It was 9:10 a.m., and my ninth-grade rebbi was standing at the door of the classroom when Sruly*, who was my closest friend and chavrusa at the time, walked in. As I had feared, he received a sharp, public reprimand for his tardiness.
Two minutes later, Dovi*, whose father was a very wealthy philanthropist, showed up. He was greeted with a cheery “Good morning,” without even a hint about his lateness.
I was fuming, outraged at what seemed to be a blatant exhibition of money-fueled favoritism.
This was only the latest in a long string of such episodes in which I observed what looked like preferential treatment handed out to the sons of the wealthy and influential by principals, rebbeim and even English teachers.
As young teenagers, those of us who didn’t come from particularly wealthy homes would discuss the matter. We debated whether it was the inevitable “protektzia” enjoyed by the rich (especially if they were members of the yeshivah’s board of directors), or the amount of the Chanukah and Purim gifts that these affluent parents doled out.
In camp, it was even more of an issue.
Counselors tried to be nice to everyone, but with tips representing a sizable percentage of their income, it was often assumed that they were heavily influenced, consciously or otherwise, by the amount they expected to receive in tips.
Now, looking back, I see things rather differently than I did at the ages of 12 and 14. I recognize that the fact that Dovi was a top student who was usually very punctual, while Sruly often came late, was the real reason for the difference in treatment.
Whether counselors were really nicer to children of the prosperous is also very debatable, although I suspect that some counselors tended in that direction.
But what hasn’t changed in my mind is an aversion to the tipping system, which I feel is demeaning and creates countless uncomfortable situations. Some parents even consult their children as to the amount these youngsters think the rebbi “deserves,” an act which runs contrary to basic principles of chinuch. It pulls down the honor of the rebbi and weakens his ability to impart Torah teachings to the child.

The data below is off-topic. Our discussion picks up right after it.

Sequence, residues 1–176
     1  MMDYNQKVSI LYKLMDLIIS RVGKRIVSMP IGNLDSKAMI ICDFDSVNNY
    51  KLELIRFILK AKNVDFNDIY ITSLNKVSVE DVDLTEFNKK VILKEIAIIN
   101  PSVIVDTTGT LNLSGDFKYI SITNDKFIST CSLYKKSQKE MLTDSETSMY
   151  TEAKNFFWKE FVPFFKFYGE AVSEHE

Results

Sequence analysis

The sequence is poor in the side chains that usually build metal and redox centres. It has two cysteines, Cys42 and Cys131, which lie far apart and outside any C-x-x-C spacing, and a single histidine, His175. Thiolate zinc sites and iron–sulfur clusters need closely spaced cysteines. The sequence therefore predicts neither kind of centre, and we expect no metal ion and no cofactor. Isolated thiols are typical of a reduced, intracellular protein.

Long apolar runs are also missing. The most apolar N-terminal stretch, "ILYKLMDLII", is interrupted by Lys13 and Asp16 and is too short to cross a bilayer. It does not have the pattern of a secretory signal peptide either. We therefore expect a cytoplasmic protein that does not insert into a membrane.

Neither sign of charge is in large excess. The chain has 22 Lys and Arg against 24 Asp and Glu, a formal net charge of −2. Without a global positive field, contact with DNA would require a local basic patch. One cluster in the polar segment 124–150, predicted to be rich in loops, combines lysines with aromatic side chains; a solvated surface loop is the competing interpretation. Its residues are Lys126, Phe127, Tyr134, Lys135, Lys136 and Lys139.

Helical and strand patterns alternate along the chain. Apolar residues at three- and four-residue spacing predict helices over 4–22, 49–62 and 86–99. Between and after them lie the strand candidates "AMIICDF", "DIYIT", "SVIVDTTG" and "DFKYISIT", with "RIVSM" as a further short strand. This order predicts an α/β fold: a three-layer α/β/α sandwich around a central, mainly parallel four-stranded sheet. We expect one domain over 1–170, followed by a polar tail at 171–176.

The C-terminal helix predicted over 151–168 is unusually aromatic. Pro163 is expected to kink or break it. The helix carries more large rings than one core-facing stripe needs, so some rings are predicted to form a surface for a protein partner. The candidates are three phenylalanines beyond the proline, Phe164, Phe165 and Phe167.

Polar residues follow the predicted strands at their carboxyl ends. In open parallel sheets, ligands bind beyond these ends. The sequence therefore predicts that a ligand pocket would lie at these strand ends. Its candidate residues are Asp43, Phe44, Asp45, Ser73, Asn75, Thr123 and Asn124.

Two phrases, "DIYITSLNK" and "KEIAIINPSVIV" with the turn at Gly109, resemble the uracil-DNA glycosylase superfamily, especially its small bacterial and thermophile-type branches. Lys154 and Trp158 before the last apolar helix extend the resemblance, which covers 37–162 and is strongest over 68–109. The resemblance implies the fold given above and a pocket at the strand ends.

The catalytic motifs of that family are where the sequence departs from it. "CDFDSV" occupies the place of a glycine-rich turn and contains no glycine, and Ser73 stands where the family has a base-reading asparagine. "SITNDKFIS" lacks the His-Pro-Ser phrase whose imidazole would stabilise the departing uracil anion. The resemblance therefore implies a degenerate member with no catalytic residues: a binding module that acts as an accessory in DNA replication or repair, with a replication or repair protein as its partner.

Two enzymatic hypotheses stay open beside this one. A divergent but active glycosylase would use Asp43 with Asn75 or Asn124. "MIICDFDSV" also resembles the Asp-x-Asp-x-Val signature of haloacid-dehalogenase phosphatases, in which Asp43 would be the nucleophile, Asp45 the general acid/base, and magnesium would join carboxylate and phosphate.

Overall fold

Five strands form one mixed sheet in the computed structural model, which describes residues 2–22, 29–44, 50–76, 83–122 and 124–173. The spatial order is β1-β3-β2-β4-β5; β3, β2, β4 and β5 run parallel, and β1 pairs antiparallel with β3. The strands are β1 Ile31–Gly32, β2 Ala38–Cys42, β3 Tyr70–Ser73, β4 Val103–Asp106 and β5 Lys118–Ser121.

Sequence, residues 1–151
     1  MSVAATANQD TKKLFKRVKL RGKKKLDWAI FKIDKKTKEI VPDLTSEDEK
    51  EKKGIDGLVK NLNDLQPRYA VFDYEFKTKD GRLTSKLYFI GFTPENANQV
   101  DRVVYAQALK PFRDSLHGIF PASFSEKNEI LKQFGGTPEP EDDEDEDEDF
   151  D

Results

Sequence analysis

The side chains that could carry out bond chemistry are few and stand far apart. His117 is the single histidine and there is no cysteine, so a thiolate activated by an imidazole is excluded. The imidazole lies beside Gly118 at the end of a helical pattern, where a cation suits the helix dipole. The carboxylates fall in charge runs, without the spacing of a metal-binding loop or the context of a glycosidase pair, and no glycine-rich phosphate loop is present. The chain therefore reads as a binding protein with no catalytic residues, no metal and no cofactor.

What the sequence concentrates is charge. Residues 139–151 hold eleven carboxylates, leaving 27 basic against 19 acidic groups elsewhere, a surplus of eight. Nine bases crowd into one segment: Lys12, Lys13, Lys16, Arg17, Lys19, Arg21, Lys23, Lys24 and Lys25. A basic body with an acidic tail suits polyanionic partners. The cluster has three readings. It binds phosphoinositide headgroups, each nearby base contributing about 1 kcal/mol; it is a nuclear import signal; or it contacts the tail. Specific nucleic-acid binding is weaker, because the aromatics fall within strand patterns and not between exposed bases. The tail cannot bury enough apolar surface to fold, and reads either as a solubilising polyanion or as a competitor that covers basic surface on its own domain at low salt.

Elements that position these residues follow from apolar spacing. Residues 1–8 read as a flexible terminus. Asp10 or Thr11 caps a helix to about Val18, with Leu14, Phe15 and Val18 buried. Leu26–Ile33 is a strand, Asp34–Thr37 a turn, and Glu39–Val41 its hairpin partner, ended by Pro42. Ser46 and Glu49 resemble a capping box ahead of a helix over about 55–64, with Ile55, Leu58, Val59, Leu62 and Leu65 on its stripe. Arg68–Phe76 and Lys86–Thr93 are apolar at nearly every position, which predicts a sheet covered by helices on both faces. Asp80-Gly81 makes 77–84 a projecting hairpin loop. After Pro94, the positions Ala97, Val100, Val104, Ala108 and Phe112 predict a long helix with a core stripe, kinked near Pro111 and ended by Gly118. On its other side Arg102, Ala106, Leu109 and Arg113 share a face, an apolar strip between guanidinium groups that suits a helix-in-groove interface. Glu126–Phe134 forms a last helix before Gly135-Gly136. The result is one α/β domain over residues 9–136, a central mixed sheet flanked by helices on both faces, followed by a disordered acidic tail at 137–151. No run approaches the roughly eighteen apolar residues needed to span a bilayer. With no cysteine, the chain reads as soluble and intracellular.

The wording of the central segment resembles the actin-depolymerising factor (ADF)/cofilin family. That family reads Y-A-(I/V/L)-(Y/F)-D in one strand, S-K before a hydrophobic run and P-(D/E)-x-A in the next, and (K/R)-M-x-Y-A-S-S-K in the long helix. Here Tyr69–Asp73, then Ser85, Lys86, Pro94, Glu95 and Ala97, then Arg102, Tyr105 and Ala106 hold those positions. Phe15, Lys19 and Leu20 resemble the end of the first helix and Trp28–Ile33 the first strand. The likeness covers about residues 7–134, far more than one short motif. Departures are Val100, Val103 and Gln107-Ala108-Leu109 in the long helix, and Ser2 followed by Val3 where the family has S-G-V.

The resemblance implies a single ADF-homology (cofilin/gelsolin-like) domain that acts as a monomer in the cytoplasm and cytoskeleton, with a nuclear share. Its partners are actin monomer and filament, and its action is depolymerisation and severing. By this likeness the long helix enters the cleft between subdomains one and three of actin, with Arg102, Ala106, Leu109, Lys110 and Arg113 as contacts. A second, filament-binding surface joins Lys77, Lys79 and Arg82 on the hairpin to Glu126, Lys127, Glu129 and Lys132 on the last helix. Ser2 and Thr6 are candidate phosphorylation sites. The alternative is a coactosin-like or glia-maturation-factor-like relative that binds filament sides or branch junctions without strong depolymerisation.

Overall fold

Lest I be misunderstood: As long as the current system remains in place, tipping isn’t optional; in many situations it is morally and halachically obligatory. It is with a clear understanding that we will give tips that we send our children to camps and schools, and depriving rebbeim, teachers and counselors of the income they deserve is a crime. Any changes made to the current system must ensure that these hard-working individuals end up with more income, not less.
I know that there are some who might argue that tipping is a way to show hakaras hatov. Indeed, a timely, usable gift along with a nice mishloach manos is very much in place, but a cash gift sends a very different message. No child should ever feel like a second-class citizen because his parents can’t afford to tip as generously as they would like to. No counselor should have to think about how reprimanding a disobedient camper will affect the amount of his tip.
Instead, schools should calculate the median amount of the annual tips received by rebbeim and teachers last year and add that amount to the tuition statements at the beginning of the year. Along with the registration fee (I have long wondered what that was really for!), the book fee and the transportation fee, we should also have a mandatory tip fee. Rebbeim will receive a lump sum on Chanukah and Purim along with their paychecks, saving themselves the indignity of having to accept envelopes from their students.
The same idea would work in camps, as well. Counselors should get a regular salary from the camp, including the full amount they received in the past as tips. The camps, in turn, will be collecting these amounts from the parents.
While the rich will be giving somewhat less under this system, since they only account for a minority of the parent body, the average parent will probably be paying only a little more, as the difference will be spread out equally among all parents.
Let us bear in mind that no one would even contemplate tipping a doctor or a lawyer, regardless of how good a job they do. Why should a rebbi or counselor be any different?